Grounded for life
Far-flung locations; Oscar nominations; red-carpet premieres; the harsh glare of a celebrity-obsessed media. Amid this whirlwind, Saoirse Ronan could hardly be expected to be an average teen. Could she? Donald Clarke meets the down-to-earth Carlow superst
EVEN FANS OF The Clinic and Proof were sideswiped by the rapid rise of young Saoirse Ronan. Before she whipped Atonement from under the noses of pros such as Keira Knightley and James McAvoy, the young actor, now 15, had done little else but play recurring roles in those RTÉ series. Here in Ireland, we like to hype our rising talent, but nobody saw that performance coming.
Then, to add to the surprise, she turned out to have an engaging way with the media. Unlike some child actors – who deserve to be sent to bed with no Baftas – she seemed to have mastered the act of seeming (or, let’s be fair, being) impressively normal.
In London to promote her role in Peter Jackson’s The Lovely Bones, Ronan has positioned herself in front of a plate of pasta and a soft drink. Curled up on the extravagant sofa, she has the aspect of a teenager ready to watch Twilight while scoffing her tea. Unfortunately, she has to look at me rather than Robert Pattinson.
Most 15-year-olds would find the interview process intimidating. I wonder how she manages to seem so relaxed. Did the mediatraining wonks get at her before her first junket? Of course, her father is an actor himself.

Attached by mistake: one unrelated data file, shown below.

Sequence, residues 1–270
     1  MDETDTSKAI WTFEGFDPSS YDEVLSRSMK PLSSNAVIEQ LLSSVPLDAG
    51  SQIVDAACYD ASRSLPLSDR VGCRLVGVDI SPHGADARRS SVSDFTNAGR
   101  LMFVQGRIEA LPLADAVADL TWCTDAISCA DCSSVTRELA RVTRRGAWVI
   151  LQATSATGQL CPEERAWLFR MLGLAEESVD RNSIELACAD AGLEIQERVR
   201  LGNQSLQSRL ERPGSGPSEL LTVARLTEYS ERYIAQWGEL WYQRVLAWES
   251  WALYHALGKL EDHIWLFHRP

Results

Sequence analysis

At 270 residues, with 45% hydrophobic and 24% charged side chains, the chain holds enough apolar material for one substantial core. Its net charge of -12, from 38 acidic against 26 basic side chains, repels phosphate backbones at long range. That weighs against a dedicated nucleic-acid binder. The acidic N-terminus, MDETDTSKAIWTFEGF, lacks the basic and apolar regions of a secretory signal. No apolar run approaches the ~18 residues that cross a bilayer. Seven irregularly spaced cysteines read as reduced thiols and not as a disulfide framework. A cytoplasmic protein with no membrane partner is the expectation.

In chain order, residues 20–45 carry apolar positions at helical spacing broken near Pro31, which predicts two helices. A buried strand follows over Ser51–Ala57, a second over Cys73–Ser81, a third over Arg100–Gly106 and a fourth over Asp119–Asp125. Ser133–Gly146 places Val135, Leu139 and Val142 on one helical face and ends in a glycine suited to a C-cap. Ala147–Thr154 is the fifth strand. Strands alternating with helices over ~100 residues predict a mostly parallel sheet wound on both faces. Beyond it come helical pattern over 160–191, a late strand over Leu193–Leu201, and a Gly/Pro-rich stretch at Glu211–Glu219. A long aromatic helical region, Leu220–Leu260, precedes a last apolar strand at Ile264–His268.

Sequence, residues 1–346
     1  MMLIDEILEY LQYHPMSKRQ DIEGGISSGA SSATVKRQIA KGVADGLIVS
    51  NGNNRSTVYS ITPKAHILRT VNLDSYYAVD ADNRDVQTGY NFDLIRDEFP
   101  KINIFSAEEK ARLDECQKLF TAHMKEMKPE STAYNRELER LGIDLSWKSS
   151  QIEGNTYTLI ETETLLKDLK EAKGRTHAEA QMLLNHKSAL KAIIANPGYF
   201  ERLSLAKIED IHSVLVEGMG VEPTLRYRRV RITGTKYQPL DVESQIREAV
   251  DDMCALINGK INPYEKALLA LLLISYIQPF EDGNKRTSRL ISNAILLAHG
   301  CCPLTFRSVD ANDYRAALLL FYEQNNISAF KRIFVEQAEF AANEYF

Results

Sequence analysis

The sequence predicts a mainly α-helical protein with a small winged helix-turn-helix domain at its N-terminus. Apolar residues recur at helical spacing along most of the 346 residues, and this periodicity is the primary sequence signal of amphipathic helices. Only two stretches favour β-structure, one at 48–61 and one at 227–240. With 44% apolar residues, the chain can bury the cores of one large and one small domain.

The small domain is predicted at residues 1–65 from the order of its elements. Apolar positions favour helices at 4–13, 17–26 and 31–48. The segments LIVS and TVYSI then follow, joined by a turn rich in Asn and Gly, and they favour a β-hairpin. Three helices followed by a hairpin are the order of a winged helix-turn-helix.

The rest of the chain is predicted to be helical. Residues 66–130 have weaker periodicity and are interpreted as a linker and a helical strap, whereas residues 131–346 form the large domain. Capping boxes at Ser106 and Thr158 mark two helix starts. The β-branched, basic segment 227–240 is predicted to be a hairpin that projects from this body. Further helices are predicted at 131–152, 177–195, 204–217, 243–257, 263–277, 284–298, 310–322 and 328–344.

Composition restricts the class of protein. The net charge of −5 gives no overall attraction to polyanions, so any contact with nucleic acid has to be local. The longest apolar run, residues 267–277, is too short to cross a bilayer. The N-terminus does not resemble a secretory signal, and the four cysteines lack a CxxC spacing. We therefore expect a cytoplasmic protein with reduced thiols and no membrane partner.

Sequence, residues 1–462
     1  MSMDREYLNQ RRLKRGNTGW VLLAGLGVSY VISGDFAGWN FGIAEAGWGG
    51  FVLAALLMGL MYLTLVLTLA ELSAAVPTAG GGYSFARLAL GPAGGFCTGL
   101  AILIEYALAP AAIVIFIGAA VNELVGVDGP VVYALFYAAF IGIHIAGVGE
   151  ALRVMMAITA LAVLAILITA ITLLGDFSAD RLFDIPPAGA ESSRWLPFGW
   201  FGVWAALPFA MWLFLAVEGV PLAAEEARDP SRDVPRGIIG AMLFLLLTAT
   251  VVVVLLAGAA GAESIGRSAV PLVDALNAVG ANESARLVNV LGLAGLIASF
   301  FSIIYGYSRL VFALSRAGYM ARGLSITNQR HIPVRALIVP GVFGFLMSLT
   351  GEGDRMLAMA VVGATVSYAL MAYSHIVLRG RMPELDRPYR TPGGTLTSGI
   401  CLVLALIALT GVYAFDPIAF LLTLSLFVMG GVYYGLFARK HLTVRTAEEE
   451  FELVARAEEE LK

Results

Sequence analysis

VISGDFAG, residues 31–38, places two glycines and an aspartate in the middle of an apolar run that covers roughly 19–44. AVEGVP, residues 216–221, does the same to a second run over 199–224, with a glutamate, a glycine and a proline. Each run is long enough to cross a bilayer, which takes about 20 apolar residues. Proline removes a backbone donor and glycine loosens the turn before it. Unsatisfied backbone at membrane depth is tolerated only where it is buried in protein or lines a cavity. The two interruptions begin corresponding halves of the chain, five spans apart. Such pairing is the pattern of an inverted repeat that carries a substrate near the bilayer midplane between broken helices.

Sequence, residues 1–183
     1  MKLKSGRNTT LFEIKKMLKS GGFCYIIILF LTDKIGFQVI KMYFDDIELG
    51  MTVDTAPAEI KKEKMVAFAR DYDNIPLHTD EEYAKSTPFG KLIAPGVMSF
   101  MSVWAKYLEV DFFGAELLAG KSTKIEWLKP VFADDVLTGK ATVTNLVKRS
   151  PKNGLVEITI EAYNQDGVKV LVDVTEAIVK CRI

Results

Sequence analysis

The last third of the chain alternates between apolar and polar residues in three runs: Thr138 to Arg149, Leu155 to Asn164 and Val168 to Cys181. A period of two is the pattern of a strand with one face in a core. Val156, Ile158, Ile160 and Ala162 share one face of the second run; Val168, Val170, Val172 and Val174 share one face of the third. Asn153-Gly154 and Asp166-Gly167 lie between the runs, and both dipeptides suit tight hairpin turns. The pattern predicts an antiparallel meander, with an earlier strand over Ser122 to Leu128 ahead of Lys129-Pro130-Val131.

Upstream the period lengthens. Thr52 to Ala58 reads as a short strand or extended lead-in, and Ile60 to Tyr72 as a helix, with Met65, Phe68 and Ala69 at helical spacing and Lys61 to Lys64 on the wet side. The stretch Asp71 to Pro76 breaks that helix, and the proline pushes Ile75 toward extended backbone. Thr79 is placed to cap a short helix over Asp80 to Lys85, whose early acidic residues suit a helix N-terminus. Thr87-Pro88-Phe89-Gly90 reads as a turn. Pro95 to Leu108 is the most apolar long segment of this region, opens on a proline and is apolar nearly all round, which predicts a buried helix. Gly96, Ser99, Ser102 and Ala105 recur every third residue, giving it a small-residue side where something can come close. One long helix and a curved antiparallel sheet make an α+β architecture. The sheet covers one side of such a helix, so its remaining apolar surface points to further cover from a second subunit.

“Well my parents are still with me,” she says. “But no. I have only recently heard about the business of media training. I never had any. My dad did maybe give me a few pointers about how to answer question – and what subjects to avoid.”
Back in 2007, the attention that followed the release of Atonement – not to mention her subsequent Oscar nomination – must have come as a significant surprise. After all, the young Briony Tallis – the character Ronan played – only appeared in the first third of the picture.
Ronan is, however, the fulcrum around which The Lovely Bones spins. Based on a hugely popular novel by Alice Sebold, the film focuses on a child’s murder in a wiggy, spooky version of 1970s America. Following her death, Susie Salmon – suspended in a weird afterlife, whose slightly queasy decorations reflect her own teenage sensibility – watches as her parents, arguing and railing, seek to discover her missing remains. Meanwhile, the murderer, played by Stanley Tucci, continues to live right across the street.
Some actors can shake off such misery when they remove their costumes. Others carry it home with them.
“It did worry me sometimes – especially near the start of making the movie,” she says. “Sometimes I found it difficult to not imagine what a family like the Salmons would be going through. It’s hard. Their child is taken away and they just don’t know where she is. It’s awful to just have blood as memory and evidence. I would think of the other girls who were murdered in the story and I would get upset and cry. At the same time, I had to put that aside and carry on.”
Amiably gangly, with long graceful features, Ronan does come across like a typical teenager, but, as that answer clarifies, she has a very disciplined, focused approach to the work. True, she was born into the business. She was not, however, raised among a Barrymore clan or a Redgrave dynasty. When Saoirse Ronan came into the
Saoirse Ronan in Japan to promote The Lovely Bones: “Ronan does come across like a typical teenager, but . . . she has a very disciplined, focused approach to the work”